The Hamersley resident has four degrees and continues to publish papers on his research into evolution and DNA.
Dr Oliver has been associated with Murdoch since the 1980s, first as an honorary research associate, then as an undergraduate earning a biological science degree with 1st class honours and a philosophy degree, and finally as a PhD student in biological science.
‘Study certainly has benefits for brain health as you age,’ he said.
‘University is for mature age students too, not just young people. It gives older people something to think about instead of just watching TV.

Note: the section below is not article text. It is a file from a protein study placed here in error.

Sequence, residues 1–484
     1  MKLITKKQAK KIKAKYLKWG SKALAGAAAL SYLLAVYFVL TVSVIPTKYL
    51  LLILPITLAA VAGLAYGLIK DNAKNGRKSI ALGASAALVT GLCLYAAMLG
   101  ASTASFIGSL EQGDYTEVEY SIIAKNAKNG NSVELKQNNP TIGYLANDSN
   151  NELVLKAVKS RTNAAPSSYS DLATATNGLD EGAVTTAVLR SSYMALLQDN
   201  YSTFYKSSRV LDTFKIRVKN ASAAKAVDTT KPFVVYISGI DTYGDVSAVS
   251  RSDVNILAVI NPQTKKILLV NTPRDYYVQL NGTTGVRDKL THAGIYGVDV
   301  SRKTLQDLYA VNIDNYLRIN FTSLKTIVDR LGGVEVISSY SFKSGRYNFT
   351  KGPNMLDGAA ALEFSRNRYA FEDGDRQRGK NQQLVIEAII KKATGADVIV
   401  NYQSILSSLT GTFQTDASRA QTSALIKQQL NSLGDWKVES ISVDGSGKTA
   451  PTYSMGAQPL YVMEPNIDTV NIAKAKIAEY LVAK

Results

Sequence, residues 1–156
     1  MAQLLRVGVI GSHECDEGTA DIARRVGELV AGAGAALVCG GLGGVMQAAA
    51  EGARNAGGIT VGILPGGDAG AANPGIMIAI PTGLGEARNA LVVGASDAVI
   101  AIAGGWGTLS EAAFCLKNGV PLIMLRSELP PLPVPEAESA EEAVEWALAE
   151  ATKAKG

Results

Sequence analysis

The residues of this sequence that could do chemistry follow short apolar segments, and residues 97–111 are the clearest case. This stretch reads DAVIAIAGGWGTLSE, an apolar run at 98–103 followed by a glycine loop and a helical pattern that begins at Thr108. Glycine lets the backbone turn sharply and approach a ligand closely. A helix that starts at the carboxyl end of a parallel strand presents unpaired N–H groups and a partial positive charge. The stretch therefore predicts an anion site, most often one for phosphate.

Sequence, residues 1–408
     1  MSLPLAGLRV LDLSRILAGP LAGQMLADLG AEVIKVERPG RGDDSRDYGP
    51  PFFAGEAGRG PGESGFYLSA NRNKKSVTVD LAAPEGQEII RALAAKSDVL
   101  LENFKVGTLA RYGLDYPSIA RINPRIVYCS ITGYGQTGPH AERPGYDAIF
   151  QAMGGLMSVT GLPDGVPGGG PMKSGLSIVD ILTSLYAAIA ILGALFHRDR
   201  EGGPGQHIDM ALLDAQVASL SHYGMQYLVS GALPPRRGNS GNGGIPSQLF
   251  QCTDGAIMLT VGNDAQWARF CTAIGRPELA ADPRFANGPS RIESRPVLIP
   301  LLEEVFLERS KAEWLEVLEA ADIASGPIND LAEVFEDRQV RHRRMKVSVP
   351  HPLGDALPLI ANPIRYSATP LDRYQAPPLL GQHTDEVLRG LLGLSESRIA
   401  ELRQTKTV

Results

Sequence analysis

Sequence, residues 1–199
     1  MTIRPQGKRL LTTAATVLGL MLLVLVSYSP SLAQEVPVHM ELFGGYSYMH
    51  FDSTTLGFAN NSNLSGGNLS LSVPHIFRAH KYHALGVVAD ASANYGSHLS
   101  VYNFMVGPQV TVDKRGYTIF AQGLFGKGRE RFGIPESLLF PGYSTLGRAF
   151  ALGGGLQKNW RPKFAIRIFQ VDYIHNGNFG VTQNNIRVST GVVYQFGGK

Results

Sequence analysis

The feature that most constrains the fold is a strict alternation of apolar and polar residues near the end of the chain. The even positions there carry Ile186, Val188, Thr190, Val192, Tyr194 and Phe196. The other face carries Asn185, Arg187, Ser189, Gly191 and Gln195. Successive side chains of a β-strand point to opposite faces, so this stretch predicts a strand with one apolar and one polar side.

‘If you’re an undergraduate you’re in a class with other students and it’s stimulating to form new friendships and see how younger people think.’
Dr Oliver said he felt at a loss without university since finishing his PhD.
‘It was a big part of my life. It’s like when you retire, there’s a hole to fill.
‘I’ve been interested in evolutionary theory for quite a long time; I did part of my honours research on aspects of it so I continue to pursue that as an adjunct to the university, which is voluntary.
‘My current obsession is with retroviruses and the part they play in evolution,’ he said.